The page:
Fast-growing 3D construction printing methods

Extrusion 3D printing

Extrusion 3D printing, aka Fused Deposition Modeling (FDM), “extrudes” material through a nozzle and layers it to create a 3D structure. Commonly used in onsite construction, this method works with materials like geopolymer, concrete, cement, clay, and plaster.

Powder bonding 3D printing

This method uses powder to create each layer of a structure with liquid as a bonding agent. It’s especially useful for building durable, lightweight and heat resistant structures, which undoubtedly contributes to its high demand. 

Fast-growing 3D construction printing materials

Concrete 3D printing

With benefits like reduced costs, decreased labour, higher speed and increased productivity, it’s easy to see why concrete 3D printing is an attractive alternative to traditional methods. Additionally, it’s less expensive to create double-curved surfaces and organic geometry. This segment alone is expected to reach a value of over $40 M by 2027.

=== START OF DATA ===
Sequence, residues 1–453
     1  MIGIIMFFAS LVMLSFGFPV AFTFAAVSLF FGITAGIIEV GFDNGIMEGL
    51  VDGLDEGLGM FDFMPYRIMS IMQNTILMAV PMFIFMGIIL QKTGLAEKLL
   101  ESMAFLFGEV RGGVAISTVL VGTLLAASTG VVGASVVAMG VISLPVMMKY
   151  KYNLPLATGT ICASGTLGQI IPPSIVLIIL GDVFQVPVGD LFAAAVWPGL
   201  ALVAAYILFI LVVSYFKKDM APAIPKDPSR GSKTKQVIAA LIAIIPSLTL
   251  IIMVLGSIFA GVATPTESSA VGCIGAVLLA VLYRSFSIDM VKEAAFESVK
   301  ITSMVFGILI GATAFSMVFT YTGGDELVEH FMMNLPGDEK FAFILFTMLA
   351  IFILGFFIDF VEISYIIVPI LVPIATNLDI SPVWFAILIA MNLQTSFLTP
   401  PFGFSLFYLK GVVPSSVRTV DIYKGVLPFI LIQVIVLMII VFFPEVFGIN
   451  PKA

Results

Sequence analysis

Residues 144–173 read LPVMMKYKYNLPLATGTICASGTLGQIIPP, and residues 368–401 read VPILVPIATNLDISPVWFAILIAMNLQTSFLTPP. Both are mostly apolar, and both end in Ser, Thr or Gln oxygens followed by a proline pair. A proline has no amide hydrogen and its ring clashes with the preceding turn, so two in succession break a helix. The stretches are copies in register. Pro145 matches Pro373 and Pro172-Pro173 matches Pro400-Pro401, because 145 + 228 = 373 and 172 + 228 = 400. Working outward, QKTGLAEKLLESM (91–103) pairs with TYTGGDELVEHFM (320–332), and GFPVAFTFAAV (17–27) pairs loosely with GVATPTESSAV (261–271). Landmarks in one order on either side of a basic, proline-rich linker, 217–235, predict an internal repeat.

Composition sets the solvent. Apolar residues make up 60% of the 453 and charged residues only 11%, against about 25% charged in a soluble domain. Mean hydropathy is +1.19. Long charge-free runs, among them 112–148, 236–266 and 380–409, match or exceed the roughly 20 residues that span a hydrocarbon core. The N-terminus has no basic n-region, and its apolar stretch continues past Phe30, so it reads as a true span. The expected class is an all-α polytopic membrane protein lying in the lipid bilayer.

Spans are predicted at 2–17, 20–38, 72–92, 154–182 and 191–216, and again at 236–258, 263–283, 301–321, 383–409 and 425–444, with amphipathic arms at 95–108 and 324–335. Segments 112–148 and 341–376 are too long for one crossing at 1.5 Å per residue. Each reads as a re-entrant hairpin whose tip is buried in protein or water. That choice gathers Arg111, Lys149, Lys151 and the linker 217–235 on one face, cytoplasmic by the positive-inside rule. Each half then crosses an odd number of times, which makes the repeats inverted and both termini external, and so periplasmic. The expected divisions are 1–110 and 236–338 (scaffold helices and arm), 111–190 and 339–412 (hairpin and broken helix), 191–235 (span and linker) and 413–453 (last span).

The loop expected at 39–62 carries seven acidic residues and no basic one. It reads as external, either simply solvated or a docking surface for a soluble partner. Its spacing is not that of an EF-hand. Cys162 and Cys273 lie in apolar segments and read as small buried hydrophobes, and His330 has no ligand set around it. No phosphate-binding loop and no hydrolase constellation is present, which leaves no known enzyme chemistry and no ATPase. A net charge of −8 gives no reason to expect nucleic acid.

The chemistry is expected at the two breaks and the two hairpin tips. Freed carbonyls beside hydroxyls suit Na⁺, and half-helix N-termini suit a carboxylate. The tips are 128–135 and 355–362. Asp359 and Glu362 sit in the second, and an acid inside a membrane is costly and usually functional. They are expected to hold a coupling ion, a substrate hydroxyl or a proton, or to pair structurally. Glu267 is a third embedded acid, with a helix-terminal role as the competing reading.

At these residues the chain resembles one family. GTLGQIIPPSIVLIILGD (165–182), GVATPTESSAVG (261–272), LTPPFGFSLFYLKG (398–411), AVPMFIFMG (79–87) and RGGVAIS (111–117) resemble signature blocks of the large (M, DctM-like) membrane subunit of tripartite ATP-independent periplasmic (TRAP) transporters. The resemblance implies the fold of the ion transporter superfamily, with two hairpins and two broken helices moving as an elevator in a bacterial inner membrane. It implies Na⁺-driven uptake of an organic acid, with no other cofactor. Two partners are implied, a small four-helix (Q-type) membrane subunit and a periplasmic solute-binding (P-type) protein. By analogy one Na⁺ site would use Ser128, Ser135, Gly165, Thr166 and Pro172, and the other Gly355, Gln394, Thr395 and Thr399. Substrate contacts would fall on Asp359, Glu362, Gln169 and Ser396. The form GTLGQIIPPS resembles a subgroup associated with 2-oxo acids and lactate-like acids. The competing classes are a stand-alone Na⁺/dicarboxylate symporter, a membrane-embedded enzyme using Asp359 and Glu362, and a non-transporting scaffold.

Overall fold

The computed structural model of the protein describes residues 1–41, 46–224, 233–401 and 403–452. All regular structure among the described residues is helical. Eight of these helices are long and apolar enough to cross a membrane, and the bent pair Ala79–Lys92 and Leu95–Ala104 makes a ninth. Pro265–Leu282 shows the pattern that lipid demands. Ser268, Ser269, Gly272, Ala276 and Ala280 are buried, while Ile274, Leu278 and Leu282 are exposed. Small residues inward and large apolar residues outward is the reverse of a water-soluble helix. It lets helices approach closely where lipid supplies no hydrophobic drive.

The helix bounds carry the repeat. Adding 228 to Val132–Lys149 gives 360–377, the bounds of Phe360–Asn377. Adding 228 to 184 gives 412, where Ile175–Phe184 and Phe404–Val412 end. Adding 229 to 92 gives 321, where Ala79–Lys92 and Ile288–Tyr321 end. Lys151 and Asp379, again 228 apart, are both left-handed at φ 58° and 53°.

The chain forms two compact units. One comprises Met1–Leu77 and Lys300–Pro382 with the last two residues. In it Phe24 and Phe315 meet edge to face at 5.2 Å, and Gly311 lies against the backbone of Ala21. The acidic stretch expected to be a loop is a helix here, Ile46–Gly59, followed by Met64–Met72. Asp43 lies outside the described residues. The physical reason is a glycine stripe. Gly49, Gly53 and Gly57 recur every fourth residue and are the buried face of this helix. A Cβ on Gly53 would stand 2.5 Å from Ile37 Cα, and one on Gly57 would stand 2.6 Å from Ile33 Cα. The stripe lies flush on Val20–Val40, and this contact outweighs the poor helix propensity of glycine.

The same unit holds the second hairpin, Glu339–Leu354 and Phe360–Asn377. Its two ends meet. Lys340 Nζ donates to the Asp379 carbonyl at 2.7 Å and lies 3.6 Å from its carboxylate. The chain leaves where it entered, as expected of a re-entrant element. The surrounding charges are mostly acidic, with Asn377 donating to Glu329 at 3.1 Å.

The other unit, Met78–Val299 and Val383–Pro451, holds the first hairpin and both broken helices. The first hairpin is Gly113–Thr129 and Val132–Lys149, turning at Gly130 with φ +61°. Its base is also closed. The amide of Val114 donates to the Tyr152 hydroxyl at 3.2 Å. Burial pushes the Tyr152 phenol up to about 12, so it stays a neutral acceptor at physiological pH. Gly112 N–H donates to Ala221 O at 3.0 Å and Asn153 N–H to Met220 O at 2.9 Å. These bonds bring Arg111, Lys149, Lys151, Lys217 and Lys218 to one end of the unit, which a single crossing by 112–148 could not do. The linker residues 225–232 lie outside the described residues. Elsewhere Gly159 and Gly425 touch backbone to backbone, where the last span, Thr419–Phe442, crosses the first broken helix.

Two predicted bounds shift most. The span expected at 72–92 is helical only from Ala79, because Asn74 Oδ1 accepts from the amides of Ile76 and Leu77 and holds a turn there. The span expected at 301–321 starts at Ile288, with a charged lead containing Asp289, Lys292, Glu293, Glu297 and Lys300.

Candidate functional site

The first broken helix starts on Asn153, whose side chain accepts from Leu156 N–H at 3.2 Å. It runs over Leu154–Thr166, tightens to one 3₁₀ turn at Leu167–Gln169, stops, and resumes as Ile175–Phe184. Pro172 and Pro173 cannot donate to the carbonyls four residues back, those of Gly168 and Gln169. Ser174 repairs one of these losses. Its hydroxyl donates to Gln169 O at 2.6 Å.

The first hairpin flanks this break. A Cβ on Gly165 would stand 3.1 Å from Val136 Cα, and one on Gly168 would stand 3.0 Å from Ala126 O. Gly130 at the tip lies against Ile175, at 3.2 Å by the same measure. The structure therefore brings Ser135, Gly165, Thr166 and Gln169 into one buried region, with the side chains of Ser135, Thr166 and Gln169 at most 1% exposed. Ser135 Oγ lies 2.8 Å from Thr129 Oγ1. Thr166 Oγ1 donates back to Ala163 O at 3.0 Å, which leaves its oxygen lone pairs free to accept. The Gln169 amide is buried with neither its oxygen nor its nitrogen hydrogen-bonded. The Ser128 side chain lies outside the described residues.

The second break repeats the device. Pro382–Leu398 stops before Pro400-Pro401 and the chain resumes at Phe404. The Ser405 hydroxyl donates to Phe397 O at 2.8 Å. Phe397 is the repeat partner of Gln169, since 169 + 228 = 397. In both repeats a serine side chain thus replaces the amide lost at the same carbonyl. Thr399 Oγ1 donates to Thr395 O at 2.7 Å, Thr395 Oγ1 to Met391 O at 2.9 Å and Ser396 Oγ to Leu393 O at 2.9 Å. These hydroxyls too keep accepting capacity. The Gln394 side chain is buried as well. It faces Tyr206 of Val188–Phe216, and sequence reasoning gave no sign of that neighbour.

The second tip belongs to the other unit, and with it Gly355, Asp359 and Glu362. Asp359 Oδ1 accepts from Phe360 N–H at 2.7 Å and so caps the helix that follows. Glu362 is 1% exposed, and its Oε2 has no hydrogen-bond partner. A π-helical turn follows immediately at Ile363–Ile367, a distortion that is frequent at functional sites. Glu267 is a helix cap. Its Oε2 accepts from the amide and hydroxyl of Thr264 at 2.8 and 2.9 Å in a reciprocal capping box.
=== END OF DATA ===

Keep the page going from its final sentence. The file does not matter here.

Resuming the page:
Metal 3D printing

Using metal for 3D construction printing allows for more complex shapes and functionally graded elements through controlled heating and cooling.  In most cases, it is used for designing facade nodes and other connections.

3D construction printing: A brief history

Let’s start at the beginning; before we even dreamed 3D printing could be used in construction.

3D printing got its start back in the 1980s with the invention of the first additive technology:  stereolithography, or SLA for short. SLA creates items layer by layer, using a powerful laser to turn liquid resin into a solid material. Its first practical application was to create quick and accurate parts used in prototypes. In the years that followed, a few newer methods were added to the mix, including:

Selective laser sintering (SLS) 

An industrial 3D printing process that creates structures using a high powered laser to fuse small particles of polymer powder into a solid structure. It works by tracing digitally sliced CAD models layer by layer and building them from the ground up. 

Fused deposition modelling (FDM)